They typically work in pairs

The counter snipers are on the look out for threats from far away, even beyond the established security perimeter, said Piraino, who is now vice provost for academics and a criminal justice professor at Tiffin University in Ohio. They often work outdoors, focusing on rooftops and the windows of surrounding buildings.

They typically work in teams of two — one serves as a spotter while the other trains their rifle’s sight on the same area.

“They’re trained to scan an area, remember what they see and come back to scan it again and see if there’s any change,” Piraino said. “It’s not just a matter of picking up their binoculars and looking around. They are trained very thoroughly and specifically with rangefinders and their equipment.”

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If they don’t qualify, they don’t work

The counter snipers, code named “Hercules,” can respond to a threat from a distance with their .300 Winchester Magnum rifles, according to Ronald Kessler’s 2009 book, “In the President’s Secret Service.” And they have to prove they can do so on a monthly basis.

What to know about the 2024 Election

“Counter-Snipers are required to qualify shooting out to a thousand yards each month,” Kessler wrote. “If they don’t qualify, they don’t travel or work.”

The snipers shoot with a rifle called a JAR, said Paul Eckloff, a retired Secret Service agent who served on details protecting three different presidents during his 23-year career.

“You’ve never heard of it because the Secret Service makes them,” Eckloff said.

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It stands for “just another rifle” and they’re built specifically for each counter sniper by the Secret Service’s armorer to take into account things like the length of the shooter’s arms, wrists and trigger finger.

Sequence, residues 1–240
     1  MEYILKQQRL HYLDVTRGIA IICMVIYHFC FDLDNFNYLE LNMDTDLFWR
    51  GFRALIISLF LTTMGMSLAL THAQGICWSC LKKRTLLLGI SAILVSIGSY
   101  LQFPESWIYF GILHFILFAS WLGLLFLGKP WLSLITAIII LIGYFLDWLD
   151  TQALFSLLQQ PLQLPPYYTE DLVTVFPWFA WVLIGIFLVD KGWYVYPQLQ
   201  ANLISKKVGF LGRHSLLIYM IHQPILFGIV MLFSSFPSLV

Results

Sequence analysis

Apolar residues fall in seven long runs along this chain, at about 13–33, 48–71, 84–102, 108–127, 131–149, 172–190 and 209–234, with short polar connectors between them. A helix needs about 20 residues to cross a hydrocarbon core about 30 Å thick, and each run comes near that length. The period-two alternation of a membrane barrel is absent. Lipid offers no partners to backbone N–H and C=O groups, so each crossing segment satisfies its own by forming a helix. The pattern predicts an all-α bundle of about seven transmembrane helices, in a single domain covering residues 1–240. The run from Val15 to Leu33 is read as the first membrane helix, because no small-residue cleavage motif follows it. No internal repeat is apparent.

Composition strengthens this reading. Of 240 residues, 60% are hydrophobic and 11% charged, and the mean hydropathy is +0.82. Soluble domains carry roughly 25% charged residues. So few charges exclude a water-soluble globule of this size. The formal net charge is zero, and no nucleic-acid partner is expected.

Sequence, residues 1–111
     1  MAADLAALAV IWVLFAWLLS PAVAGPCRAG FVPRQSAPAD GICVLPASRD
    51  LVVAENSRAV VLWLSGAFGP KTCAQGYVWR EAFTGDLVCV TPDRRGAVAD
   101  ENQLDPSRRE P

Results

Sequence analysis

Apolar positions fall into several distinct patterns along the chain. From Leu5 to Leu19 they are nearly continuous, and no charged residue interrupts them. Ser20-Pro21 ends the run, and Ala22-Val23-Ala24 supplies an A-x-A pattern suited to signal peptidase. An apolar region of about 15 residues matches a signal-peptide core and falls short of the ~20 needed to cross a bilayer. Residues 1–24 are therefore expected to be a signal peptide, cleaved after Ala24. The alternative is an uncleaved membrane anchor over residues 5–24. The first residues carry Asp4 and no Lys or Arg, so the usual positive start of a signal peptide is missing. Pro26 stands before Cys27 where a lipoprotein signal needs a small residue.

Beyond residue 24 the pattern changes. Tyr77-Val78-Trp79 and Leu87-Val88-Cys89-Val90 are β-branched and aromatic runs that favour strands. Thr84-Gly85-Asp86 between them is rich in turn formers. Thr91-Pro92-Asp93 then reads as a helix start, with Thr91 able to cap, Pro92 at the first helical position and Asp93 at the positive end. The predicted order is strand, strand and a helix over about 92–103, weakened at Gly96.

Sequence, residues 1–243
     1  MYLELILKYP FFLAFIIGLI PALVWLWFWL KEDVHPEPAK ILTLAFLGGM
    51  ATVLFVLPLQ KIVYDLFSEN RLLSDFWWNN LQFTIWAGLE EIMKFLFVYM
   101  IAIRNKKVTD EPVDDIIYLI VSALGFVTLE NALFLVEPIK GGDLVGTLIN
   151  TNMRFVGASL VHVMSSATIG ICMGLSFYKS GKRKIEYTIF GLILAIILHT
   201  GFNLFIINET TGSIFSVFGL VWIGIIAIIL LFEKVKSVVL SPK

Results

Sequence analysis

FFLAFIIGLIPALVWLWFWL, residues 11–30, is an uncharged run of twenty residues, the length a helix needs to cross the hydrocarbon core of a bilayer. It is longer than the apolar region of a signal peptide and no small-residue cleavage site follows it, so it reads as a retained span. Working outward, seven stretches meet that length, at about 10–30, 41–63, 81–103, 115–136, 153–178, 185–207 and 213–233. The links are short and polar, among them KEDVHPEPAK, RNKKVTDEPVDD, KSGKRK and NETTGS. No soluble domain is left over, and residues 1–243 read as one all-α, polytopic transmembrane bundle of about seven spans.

Eckloff wouldn’t disclose how many counter sniper teams there are but noted that it’s a finite resource and they could always use more.

What happened?

Police learned of a suspicious character outside the fairgrounds in Butler, Pennsylvania, before Trump took the stage. Minutes into his speech, shots were fired.

A counter sniper shot and killed Thomas Matthew Crooks in the seconds after he opened fire from a rooftop some 150 yards (135 meters) from the stage. Secret Service agents threw themselves on top of the former president before hustling him off stage.

Stephen Colo, who retired from the Secret Service in 2003 as an assistant director, told The AP on Sunday that presidential candidates and former presidents don’t typically get the same level of protection as the sitting president.